Desert Isle Keeper
Don't Forget to Smile
Tory Duncan, a former Miss America contestant, now runs a bar in the small Oregon town of Sullivan City. Joe Brigham is a logger turned rising star in the union. When Joe’s kid sister Lisa enters the Miss Sullivan City pageant, they turn to Tory for help. But Tory’s pageant past isn’t exactly a success story, and not something she’s thrilled to revisit. Watching this beta hero make a major life change and a talented heroine find herself after years of pleasing others is very satisfying. With richly detailed settings and a complex supporting cast, Don’t Forget To Smile is a wonderful ordinary-life story I’ve reread many times and highly recommend.
Personable, competent Joe is a good man who is only just discovering (or only just admitting to himself) that he is capable of greater things than his town has to offer. It was more fun to watch him conquer new challenges than to read about yet another billionaire CEO for whom every problem can be solved with a wave of the hand or a pen in the checkbook. It also gave Joe and Tory’s relationship a nice “team” feel. Tory’s experience and worldliness make him comfortable confiding in her and sharing with ambitions, whereas doing either with his family and friends could seem like a criticism of their lives and choices. Tory is practical and capable, if self-contained. Unlike some heroines who fortuitously inherit small-town inns or bakeries and just happen to make a go of it, Tory thoroughly researched bartending and her market. Her advice to Joe and to Lisa about pageants is always spot-on. I appreciate that the author put in the effort to learn details about logging towns, pageants, and small businesses so that she could develop the setting convincingly.
When I say that this is a romance that feels ordinary, I don’t mean that it is ordinary among novels. Rather, it succeeds at the extremely difficult task of building a realistic small town full of complicated ordinary people and complicated ordinary relationships. There is no huge conflict in this book; just people gradually working their way towards improved and happier lives. Tory must work through her feelings about her stage mother and her pressure to produce a perfect exterior (rather than to pursue happiness and satisfaction.) Unlike Tory, who has gone from the national stage to a small bar, Joe is starting to want more than just Sullivan City. His new union position offers the chance to move up to regional and even ultimately national work – which, of course, would take him away from his son and from Tory, just as their relationship starts to blossom.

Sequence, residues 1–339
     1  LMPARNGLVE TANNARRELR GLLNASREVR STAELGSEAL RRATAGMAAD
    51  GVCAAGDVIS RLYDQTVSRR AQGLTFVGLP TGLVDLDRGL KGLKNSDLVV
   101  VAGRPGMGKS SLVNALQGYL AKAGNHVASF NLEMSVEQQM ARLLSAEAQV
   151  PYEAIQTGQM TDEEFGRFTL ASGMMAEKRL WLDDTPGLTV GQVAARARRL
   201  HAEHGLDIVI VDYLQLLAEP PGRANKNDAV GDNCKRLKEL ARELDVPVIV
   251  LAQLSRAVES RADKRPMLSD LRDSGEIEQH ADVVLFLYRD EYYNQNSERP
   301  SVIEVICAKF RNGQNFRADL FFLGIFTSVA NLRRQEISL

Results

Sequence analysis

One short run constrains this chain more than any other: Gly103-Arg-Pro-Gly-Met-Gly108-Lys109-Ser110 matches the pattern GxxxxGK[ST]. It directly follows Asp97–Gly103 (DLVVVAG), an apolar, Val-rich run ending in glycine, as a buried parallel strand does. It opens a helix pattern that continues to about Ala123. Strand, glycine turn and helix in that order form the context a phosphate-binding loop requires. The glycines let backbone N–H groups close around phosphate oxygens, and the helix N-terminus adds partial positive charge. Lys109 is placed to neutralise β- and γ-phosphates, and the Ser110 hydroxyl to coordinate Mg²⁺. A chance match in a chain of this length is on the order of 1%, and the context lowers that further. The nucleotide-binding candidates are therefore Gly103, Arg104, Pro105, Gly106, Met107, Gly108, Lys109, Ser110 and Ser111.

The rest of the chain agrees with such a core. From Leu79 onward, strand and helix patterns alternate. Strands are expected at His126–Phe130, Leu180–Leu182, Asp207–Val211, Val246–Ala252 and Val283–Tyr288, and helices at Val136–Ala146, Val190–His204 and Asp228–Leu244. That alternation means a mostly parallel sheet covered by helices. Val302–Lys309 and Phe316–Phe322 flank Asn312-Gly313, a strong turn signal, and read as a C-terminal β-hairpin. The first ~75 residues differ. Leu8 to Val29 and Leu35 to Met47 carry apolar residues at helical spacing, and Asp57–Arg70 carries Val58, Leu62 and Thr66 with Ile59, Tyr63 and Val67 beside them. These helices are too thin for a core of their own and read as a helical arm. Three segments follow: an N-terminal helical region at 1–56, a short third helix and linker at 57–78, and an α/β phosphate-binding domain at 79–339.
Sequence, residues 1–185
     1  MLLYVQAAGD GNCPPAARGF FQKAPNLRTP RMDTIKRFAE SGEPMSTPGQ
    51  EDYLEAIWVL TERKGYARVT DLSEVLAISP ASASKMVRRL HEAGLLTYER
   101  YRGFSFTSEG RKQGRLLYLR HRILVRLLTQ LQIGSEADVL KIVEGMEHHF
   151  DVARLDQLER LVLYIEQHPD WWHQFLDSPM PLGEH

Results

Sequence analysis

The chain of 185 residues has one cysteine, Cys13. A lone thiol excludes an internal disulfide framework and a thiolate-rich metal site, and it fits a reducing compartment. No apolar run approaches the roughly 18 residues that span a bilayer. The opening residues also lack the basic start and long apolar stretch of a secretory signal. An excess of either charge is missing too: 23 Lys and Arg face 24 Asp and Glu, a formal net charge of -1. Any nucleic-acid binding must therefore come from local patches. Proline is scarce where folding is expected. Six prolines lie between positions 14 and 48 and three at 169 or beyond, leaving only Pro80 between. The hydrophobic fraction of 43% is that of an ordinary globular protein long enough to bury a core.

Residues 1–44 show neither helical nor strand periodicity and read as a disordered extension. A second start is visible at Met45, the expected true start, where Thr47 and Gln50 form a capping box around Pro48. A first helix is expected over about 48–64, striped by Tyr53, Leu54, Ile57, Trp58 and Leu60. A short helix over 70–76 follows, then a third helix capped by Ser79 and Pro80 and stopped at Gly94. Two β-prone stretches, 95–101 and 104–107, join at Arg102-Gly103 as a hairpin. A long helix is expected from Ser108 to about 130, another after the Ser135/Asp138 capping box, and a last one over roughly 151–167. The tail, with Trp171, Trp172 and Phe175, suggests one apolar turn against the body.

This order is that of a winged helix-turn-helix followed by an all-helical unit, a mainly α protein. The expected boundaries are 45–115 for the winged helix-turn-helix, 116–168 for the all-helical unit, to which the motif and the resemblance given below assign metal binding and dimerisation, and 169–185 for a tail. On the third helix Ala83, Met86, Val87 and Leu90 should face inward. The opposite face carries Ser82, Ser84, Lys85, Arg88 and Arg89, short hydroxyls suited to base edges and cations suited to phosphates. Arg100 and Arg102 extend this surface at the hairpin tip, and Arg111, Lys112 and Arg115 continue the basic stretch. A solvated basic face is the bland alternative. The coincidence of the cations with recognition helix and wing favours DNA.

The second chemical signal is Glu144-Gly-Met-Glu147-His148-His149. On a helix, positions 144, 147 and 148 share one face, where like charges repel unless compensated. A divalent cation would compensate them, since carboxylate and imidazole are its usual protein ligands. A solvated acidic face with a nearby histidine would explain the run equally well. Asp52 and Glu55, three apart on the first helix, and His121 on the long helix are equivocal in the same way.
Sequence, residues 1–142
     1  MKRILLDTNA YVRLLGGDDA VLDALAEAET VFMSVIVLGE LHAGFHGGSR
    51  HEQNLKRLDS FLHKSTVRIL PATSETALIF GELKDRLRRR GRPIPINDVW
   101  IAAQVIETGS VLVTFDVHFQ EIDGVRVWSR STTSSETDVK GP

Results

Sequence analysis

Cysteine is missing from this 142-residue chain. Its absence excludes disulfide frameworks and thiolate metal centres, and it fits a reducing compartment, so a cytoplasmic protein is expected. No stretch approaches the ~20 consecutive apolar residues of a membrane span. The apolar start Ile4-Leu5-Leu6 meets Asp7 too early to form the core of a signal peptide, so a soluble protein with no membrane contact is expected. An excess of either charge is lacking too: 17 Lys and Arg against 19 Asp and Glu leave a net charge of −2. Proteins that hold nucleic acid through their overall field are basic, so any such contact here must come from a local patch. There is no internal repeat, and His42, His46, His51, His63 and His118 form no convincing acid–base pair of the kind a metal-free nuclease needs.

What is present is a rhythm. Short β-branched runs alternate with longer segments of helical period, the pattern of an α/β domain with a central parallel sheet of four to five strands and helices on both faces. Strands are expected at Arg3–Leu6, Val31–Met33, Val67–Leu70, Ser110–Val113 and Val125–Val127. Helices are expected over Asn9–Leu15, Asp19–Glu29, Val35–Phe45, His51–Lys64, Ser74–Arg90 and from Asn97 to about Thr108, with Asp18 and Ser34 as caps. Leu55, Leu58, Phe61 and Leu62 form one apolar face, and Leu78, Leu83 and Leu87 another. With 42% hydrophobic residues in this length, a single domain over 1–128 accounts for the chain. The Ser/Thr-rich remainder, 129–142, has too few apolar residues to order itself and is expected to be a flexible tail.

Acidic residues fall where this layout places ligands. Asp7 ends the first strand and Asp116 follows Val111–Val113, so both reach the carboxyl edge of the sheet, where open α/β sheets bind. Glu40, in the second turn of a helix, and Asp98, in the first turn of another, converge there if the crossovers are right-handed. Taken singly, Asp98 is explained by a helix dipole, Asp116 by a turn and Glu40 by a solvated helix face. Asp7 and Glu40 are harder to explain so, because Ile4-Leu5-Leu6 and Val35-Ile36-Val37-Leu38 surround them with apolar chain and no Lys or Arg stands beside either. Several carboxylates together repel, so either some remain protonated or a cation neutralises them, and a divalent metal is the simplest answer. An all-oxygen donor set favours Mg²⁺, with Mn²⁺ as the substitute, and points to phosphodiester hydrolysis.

I appreciate the fact that the author presents a nuanced view of small towns. For Tory, it’s a rebound romance, a place to reject the artifice and forced sophistication of her former lives as a beauty contestant and a party planner. It’s honest and friendly, if a bit bland and sometimes understimulating. Joe, as “one of the Brighams,” and the third Brigham named Joe, has the security of knowing he always has family at his back – and the frustration of lacking an individual identity. Joe’s ambitions puzzle his family. If he is holding down a good wage logging, why stick your neck out as the union rep? Oddly, the only one who understands him is teenage Lisa, who wants beauty pageant success so she can afford to be the first Brigham to attend college. This push-pull of comfort and stagnation, support and smothering, and simplicity and narrowness feels more true to life than the twee cuteness of most small-town romances.
As with the small towns, the supporting characters are complicated. Tory’s mother did not do well by her, but she’s not evil, and you find yourself rooting for them to reconcile. Joe’s ex-wife Marianne, who couldn’t handle what she felt was the precariousness of a union job, is not a villainess. Although you hurt for Joe when Marianne’s new husband Dennis does fatherly things with Joe’s son Max, you also know that it’s best for Max to have all the adults in his life love him.
If you want to see an interesting role-reversal of a sophisticated heroine and a small-town hero, and if you like detailed settings that don’t oversimplify or romanticize, then Don’t Forget to Smile is the book for you.